To continue with the Expos theme this week is having, I had the opportunity to have Jonah Keri, who wrote the book Up, Up, and Away: The Kid, the Hawk, Rock, Vladi, Pedro, le Grand Orange, Youppi!, the Crazy Business of Baseball, and the Ill-fated but Unforgettable Montreal Expos. I got the book last Wednesday at a Montreal Chapters store that had it on the shelf. I finished it by Sunday night.
Even though I consider myself knowledgeable in Expos history and have read many books on the subject, Keri’s book had me reading and soaking up the pages by adding colour and personal experiences. On top of that, the book still managed to teach me things. Full disclosure: I did some transcribing for Jonah for the book.
La Metropole Sports: Because you grew up with the team and followed it most of your life, was there anything that really surprised you about the team’s history while talking to people for the book?
Jonah Keri: Just some of the little things. Like how much time players like Bill Stoneman, Dan McGinn, and others had to devote to military service in the middle of the season. Or how few homers Expos primary second basemen hit over a six-year period in the late-70s to early-80s (zero). One of my favorite elements of the book are those heavily-detailed stories, often about lesser figures in the team’s history, so I guess that stuff ended up mattering a lot, in some ways.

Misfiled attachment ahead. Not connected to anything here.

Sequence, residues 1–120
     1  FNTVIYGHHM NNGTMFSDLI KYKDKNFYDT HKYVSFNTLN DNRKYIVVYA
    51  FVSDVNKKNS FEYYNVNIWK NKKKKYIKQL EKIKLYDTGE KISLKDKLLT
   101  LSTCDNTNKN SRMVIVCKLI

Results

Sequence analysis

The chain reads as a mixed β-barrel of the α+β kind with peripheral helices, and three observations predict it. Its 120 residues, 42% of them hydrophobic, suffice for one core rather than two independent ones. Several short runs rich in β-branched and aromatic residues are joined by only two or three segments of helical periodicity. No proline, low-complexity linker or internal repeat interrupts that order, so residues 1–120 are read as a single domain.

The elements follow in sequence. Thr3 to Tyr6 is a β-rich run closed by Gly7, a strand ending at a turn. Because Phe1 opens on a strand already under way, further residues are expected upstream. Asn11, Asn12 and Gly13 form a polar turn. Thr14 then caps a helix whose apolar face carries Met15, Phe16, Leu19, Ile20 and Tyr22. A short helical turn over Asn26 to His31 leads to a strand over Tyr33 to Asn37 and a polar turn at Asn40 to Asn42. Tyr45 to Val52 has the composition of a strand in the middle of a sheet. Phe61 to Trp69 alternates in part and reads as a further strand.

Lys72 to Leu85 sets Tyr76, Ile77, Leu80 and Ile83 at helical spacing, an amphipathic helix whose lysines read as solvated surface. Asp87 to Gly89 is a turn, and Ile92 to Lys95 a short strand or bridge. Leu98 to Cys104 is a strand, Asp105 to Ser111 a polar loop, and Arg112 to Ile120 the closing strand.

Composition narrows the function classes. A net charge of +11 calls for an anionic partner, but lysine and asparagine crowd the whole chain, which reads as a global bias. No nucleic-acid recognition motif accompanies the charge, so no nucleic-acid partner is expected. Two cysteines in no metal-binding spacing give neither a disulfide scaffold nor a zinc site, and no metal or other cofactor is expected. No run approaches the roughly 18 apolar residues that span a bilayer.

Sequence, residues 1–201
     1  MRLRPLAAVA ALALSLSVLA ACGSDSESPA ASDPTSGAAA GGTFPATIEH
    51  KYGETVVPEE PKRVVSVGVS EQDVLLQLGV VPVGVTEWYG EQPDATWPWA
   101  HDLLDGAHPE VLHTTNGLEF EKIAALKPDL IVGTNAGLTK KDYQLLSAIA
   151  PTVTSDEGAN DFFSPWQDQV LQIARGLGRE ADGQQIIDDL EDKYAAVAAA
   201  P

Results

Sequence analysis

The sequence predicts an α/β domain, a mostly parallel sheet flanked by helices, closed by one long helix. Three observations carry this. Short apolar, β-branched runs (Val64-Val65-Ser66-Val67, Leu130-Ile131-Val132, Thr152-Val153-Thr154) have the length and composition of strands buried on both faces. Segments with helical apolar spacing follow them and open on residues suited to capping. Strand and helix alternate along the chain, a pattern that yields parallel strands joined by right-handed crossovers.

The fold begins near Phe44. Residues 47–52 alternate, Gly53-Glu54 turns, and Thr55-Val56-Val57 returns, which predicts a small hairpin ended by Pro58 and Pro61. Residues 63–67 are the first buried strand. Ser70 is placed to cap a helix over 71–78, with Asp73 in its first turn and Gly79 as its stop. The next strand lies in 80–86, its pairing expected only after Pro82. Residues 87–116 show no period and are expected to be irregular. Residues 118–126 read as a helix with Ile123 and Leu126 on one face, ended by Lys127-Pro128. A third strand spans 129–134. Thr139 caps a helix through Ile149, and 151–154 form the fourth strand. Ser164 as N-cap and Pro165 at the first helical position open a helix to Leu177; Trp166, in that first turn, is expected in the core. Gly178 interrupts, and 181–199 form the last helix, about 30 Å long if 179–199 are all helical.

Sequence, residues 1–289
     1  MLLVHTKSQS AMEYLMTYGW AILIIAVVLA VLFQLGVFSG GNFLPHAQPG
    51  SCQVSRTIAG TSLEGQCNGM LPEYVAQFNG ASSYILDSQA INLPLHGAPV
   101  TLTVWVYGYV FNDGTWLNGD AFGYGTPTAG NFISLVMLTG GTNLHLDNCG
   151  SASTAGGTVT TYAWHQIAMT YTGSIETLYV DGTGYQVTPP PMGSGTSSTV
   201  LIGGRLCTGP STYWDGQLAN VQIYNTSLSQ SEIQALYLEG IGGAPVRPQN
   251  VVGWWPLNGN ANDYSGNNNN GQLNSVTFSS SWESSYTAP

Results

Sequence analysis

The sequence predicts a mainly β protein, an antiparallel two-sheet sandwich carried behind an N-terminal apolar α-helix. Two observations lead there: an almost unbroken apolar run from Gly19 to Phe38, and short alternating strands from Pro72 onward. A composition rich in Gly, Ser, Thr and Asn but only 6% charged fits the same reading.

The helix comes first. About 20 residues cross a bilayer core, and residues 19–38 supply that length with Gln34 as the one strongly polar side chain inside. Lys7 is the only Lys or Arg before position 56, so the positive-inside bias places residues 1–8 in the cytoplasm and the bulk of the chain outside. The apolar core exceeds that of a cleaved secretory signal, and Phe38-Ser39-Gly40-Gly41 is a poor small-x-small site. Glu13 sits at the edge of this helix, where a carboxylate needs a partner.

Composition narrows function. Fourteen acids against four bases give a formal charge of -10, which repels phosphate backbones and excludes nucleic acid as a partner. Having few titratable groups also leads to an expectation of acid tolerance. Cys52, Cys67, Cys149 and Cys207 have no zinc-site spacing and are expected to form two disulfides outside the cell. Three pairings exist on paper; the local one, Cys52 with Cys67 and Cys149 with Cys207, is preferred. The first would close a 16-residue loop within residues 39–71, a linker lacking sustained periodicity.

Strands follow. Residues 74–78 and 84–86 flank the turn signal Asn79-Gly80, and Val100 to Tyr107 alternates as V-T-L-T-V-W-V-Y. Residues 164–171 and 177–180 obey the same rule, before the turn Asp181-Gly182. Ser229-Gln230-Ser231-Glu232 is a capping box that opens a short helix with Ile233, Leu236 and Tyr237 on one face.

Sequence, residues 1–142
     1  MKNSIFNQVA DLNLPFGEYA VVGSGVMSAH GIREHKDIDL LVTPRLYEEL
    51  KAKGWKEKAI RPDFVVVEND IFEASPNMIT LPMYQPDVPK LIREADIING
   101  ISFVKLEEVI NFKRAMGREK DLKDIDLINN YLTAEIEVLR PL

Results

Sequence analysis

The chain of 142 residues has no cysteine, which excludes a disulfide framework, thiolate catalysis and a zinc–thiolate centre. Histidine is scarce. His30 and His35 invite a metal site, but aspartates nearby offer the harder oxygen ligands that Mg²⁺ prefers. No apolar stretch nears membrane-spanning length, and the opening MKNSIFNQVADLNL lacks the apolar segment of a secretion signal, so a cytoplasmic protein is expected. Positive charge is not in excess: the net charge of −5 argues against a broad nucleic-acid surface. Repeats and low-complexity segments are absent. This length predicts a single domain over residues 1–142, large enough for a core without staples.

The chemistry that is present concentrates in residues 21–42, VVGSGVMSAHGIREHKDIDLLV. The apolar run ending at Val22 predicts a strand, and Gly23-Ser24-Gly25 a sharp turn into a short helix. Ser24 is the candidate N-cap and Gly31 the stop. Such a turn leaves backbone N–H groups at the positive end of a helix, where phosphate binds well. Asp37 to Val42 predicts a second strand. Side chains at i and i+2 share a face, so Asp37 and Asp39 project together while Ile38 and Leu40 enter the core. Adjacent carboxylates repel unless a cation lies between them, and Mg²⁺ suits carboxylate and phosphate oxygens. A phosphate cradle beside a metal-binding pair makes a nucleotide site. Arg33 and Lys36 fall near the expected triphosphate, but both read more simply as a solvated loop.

LMS: What was the one thing you wish you could have elaborated on or added to the book?
JK: I wish John McHale were alive when I was doing my reporting. I got lots of good secondary sources on him, but would’ve liked to have heard a bunch of stuff right from the horse’s mouth. He was an integral figure in Expos history and very nearly became MLB Commissioner before taking over in Montreal. Would’ve had a lot to ask him.
LMS: With some of the history and stories obviously so close to you personally, was it hard to remain objective during the strike and demise of the franchise and the events surrounding that?
JK: No, because I focused on being a journalist throughout. For instance, it would’ve been easy to paint Jeffrey Loria and Bud Selig as the outsider Americans who screwed the Expos and their Montreal-based fans. But that’s an overly simplistic take on what happened, and the motivation to find the truth trumped any axes I might’ve wanted to grind.
LMS: What was your favourite moment during the whole process – an interview, a story, reliving a memory?
JK: Interviewing Felipe Alou. I was completely mesmerized by everything that he had to say about baseball, family, spirituality, you name it.
LMS: You mentioned in another interview I saw that you weren’t sure you wanted to take on another book. What was the whole process of interviewing and writing like? Was it different than The Extra 2%?
JK: Similar process to Extra 2%, except I was far more organized, thanks to an excellent software program called Scrivener, as well as some huge assists from my awesome wife.
LMS: Have you been surprised by the traction and support that book has gotten both in Montreal and outside of it?
JK: I still don’t have a perfect read on how the book’s being received outside Montreal, because I’m answering this question on pub date. But in Montreal and elsewhere in Canada, there seems to have been a lot of pent-up demand being met. People really did want to read about this defunct baseball team and all its glories and setbacks. Hopefully I’ve satisfied that demand with a book that meets their high expectations.
The book is available now both in print and digital editions.